Lisa Briley :: Healer ::


Southern Legitimacy Statement: Born in Texas and raised in Mississippi, I spent my childhood hunting lotus and chasing fireflies. Though I moved around in my twenties, the South is in my blood and where I belong.


They say the women in my family are cursed. It’s what they’re whispering at Mama’s funeral as we lower her coffin into the ground. That Abernathy women spat in the face of God, and death was their final punishment. We were the healers of the community and had been for generations. We were God-fearing and church-going folk that dabbled in the conjure to help those in need. It made us outcasts. Only to be called upon in dire times of need.

“Well if they had left well enough alone and turned to God.” Ms. Mayberry trails off as her eyes lock with mine. The irony in the statement is that she came once a week for her arthritic herbals. Proud enough to know she needed help, but not proud enough to admit she used our services. I plastered a smile on my face as I wandered around the reception. So many people turned out to pay their respects to Mama. She had healed nearly half of this town and helped birth the other half. However, only a few call her a friend. It was just the way things were.

The herbs in our back garden were good enough to heal this town. They were bad enough to keep them coming only in times of desperate need. Most of the time, well after the time they should have come. The flu had taken out a good chunk of our elderly last year; all due to their own stubbornness. These people couldn’t afford a doctor, but they were afraid of the witch doctor. Yet here they all were. Smiling and making nice at Mama’s funeral like they had any right to be here.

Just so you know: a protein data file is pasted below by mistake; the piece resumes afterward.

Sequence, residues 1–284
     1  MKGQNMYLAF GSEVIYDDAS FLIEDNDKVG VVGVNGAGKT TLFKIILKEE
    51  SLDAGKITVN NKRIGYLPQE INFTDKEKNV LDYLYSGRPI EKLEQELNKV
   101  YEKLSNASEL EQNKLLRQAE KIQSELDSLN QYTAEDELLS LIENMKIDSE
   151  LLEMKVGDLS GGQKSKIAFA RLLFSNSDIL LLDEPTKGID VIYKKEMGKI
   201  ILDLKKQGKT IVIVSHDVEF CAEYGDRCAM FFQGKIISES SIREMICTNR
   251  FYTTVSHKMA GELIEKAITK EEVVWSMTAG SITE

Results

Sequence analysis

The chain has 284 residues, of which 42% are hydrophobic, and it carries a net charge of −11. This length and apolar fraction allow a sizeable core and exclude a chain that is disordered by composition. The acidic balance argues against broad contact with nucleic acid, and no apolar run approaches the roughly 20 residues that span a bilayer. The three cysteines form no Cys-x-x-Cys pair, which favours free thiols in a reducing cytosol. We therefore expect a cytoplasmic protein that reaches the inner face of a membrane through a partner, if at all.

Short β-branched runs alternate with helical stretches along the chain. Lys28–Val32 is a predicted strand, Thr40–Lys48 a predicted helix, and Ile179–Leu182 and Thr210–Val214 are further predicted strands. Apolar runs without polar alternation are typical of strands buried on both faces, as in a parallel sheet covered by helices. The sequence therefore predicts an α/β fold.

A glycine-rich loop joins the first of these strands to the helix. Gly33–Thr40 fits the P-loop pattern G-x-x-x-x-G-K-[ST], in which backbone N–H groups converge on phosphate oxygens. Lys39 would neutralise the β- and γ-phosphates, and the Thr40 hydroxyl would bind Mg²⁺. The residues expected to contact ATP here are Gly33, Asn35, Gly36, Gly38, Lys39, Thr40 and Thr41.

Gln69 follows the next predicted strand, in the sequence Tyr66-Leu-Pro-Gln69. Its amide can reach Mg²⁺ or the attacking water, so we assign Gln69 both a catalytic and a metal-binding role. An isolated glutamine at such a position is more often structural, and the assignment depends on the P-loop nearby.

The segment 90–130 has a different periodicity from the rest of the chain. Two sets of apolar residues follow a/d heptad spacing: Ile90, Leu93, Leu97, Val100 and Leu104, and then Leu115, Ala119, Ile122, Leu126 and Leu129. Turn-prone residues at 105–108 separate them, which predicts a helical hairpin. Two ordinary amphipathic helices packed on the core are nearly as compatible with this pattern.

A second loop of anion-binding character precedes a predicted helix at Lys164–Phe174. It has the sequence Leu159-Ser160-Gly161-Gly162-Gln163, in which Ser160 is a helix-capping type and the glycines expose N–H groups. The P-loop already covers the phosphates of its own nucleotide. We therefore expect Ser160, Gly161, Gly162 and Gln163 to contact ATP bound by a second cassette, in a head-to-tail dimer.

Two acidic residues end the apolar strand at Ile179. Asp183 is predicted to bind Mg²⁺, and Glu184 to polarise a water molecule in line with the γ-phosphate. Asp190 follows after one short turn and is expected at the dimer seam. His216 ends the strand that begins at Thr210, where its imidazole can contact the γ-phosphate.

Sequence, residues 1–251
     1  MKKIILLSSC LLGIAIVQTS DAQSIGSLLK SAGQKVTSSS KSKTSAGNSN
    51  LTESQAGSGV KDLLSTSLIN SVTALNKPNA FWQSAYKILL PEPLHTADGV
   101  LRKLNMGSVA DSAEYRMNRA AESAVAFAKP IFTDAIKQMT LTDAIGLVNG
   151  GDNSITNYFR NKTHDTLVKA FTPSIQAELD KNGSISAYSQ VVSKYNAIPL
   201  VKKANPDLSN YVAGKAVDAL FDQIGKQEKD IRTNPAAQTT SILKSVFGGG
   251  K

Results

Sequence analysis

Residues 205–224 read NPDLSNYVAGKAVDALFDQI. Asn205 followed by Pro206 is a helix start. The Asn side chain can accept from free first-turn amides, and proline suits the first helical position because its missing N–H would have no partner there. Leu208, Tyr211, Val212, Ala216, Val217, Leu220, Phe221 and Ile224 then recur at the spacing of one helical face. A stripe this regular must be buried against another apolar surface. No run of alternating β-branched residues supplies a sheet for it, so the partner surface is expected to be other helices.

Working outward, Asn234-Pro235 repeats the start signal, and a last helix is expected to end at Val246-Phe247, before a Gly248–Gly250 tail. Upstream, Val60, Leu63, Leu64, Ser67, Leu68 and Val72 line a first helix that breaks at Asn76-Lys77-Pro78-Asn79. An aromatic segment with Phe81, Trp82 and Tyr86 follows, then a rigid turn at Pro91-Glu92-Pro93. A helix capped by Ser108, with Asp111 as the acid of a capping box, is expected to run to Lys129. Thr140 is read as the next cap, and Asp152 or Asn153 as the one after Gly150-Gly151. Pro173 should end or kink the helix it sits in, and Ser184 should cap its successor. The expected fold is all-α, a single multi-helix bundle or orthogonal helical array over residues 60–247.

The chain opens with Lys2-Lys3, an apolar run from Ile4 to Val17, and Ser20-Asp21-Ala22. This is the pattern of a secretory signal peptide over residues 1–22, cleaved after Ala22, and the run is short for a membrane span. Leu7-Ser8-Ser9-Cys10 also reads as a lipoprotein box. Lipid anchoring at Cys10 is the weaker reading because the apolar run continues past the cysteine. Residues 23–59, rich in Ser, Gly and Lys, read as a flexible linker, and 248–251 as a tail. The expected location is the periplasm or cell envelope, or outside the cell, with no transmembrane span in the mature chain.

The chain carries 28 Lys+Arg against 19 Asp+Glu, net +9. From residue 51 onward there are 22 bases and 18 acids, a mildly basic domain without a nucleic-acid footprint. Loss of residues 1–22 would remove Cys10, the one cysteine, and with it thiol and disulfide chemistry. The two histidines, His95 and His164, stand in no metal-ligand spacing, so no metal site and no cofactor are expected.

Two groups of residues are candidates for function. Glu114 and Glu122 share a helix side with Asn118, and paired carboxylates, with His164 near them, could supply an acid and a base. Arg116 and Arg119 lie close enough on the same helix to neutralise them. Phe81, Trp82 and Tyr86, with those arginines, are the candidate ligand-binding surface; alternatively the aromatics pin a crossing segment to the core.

“I take it you’re taking over the family business?” My cousin Ree dabbled here and there, but only when Mama had the time to teach her. I was the one that had grown up knee-deep in the stuff.

“Don’t reckon I have much of a choice now.” I glanced around at the townsfolk before me. We were the same, yet oh so different. We lived just far enough in the country that some of them didn’t consider us a part of the town. Every drought, cold, and cough was blamed on us if it went on long enough. Yet they turned to us to cure their ills. The irony of that wasn’t lost on me.

“Just be careful now. You know how they strung up your Auntie.” I swallowed down a lump at the mere thought. Auntie Bonnie had just been trying to help, when a flu epidemic had wiped out half the town. They had killed her for her troubles. A mob of folks showed up at the old house and dragged her from her bed. They didn’t find her body until the following morning. She was hanging from the old oak tree.

“I know.” I did know how they could be. I’d lived here all my life. That was why I had to stay. These were my people. If I didn’t look after this town, no one would.